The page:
Coronavirus: more than 20,000 Hongkongers could be hidden carriers of Covid-19, study shows

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More than 20,000 Hongkongers could be hidden carriers of Covid-19, new research has revealed, with scientists behind the report urging city residents to get vaccinated.

Academics from the faculty of medicine at Chinese University also revealed on Wednesday that another study showed 100 per cent positive antibody response for all participants who received either the Chinese-made Sinovac or German-produced BioNTech vaccine, with none developing serious adverse reactions.

“This should offer some good news to Hongkongers who may still harbour doubts about getting vaccinated,” Professor Paul Chan Kay-sheung, chair of CUHK’s department of microbiology, told a press conference.

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“Given the uncertain development of the epidemic in neighbouring areas of Hong Kong, and the emerging new strains, we are calling on citizens to get vaccinated as early as they can.”

Professors Paul Chan (left) and Martin Wong. Photo: Handout
Professors Paul Chan (left) and Martin Wong. Photo: Handout

In the first study, researchers recruited 4,198 Hongkongers between April last year and this year after the city weathered four major waves of Covid-19, and found six – four men and two women – carried the immunoglobulin G (IgG) antibody in their systems, a sign of previous infection.

Five of the patients had respiratory symptoms and had previously been to Europe where the pandemic had been rife. But worryingly, the remaining patient had no travel history, while the five who did tested negative during hotel quarantine, meaning they could have been allowed to enter the community while infectious, becoming hidden carriers.

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Chan said the presence of antibodies might mean those patients were not infectious any more, but it could point to residual transmission chains in the community. He said the government could consider regular antibody tests for people finishing quarantine, as well as for suspected Covid-19 patients in hospitals, to ascertain whether their infections were false positive or real.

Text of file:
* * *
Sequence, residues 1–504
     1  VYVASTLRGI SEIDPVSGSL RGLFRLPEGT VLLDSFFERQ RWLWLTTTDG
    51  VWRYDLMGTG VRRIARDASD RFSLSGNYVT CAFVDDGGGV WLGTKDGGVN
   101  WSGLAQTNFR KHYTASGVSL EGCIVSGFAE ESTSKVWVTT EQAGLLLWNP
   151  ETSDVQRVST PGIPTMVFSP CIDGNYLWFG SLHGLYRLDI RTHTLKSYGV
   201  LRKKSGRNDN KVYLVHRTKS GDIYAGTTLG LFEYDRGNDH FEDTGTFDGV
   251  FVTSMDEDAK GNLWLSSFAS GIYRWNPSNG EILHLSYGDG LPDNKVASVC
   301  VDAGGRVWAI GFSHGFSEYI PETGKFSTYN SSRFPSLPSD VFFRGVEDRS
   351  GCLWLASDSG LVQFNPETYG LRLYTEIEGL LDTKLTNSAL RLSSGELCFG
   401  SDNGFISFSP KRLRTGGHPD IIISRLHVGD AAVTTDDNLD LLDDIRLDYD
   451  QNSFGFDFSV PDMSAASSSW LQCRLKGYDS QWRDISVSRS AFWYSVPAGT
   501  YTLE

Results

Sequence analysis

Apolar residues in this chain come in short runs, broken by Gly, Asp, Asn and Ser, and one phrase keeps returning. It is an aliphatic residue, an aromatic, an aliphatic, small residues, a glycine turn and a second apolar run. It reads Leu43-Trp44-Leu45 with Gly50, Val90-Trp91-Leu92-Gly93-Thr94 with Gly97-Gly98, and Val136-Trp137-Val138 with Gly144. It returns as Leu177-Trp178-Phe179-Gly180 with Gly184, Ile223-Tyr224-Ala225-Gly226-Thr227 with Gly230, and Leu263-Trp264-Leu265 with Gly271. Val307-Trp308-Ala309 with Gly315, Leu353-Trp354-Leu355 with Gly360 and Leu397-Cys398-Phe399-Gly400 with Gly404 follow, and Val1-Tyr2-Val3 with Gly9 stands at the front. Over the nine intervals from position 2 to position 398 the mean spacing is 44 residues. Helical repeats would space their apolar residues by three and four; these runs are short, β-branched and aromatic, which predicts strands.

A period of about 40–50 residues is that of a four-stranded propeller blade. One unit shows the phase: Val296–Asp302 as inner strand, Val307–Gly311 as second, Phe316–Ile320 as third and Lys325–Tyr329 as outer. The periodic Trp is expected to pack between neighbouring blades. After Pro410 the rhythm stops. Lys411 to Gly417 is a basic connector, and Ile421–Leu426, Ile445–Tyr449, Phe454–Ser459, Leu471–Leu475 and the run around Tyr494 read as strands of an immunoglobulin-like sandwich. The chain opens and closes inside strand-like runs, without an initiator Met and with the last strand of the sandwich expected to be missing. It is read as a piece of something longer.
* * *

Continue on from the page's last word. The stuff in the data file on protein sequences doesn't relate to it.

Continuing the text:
Six patients out of 4,198 participants represented a 0.14 per cent positive rate, which the research team projected could mean up to 21,415 cases – 19,659 unidentified infected adults and 1,756 children – in Hong Kong.

With the city’s official Covid-19 tally standing at 11,836 cases as of Wednesday, Chan said the findings showed an estimated rate of two hidden patients for every confirmed infection. But he added the ratio was still far below that of many coronavirus hotspots worldwide, such as Geneva in Switzerland, which had a ratio of 11.6 to one.

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The team said together with the identified infections, there were actually 33,243 Covid-19 patients at large in Hong Kong. While those who recovered from past infections could have developed immunity, it also meant more than 99.5 per cent of Hongkongers were not naturally protected, Chan said.

In the second study involving 111 recipients of either the Sinovac or BioNTech vaccine, all of them had been able to generate antibodies, including the eldest participant, an 82-year-old.

Asked whether the government and the business sector should provide more incentives for vaccination such as free flights, hotels and buffet deals, Professor Martin Wong Chi-sang, of CUHK’s school of public health and primary care, said the issue was a question of medical ethics.

“Most stakeholders in the medical community would like to see herd immunity achieved by vaccination. The key thing is to take the middle ground and not be too extreme one way or another,” he said.

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Wong said he supported businesses offering a day off or so to vaccinated employees, but cash incentives had been proven to be counterproductive elsewhere as they raised further doubt over potential side effects.

Three months on from the start of Hong Kong’s vaccination scheme, only about 1.23 million people, or 17 per cent of the population, have received their first dose. More than 920,000 people have got their second shot.

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